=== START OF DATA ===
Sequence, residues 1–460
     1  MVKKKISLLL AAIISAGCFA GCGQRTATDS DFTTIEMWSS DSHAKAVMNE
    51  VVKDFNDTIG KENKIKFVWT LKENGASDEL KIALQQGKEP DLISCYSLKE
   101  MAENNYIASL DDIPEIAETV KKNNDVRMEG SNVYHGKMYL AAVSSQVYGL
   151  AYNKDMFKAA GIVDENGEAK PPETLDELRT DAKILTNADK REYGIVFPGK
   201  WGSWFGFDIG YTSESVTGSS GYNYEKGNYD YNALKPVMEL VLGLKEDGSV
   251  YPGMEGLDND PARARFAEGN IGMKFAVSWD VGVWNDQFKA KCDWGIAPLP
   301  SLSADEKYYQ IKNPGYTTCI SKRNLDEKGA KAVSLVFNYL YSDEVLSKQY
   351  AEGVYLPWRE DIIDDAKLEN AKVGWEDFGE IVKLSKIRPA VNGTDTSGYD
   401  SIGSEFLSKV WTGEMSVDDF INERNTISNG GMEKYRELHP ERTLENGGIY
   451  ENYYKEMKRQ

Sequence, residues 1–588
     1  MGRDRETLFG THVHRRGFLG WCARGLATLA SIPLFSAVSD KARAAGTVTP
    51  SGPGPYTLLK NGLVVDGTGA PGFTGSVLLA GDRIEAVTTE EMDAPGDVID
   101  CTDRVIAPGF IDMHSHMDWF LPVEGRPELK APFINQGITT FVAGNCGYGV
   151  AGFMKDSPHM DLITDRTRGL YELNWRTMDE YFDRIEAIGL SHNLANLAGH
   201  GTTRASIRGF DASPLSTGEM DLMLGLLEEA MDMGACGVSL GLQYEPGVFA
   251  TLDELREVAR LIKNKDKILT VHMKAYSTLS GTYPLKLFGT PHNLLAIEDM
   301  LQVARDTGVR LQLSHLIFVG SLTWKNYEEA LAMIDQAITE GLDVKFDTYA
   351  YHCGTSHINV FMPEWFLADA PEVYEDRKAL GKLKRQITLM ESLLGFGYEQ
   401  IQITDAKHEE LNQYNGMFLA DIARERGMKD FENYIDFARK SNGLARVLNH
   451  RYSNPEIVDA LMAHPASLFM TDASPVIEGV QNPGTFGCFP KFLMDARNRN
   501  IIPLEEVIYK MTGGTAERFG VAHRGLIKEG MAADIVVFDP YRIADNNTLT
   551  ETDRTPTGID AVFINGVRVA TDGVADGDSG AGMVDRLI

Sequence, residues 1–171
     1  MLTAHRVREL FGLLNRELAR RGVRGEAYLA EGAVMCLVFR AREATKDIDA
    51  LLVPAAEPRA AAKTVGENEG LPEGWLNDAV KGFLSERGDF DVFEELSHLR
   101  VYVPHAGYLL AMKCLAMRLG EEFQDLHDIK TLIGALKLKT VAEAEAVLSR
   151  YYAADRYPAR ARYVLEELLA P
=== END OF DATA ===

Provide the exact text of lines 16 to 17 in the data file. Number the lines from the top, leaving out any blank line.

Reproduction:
   151  AGFMKDSPHM DLITDRTRGL YELNWRTMDE YFDRIEAIGL SHNLANLAGH
   201  GTTRASIRGF DASPLSTGEM DLMLGLLEEA MDMGACGVSL GLQYEPGVFA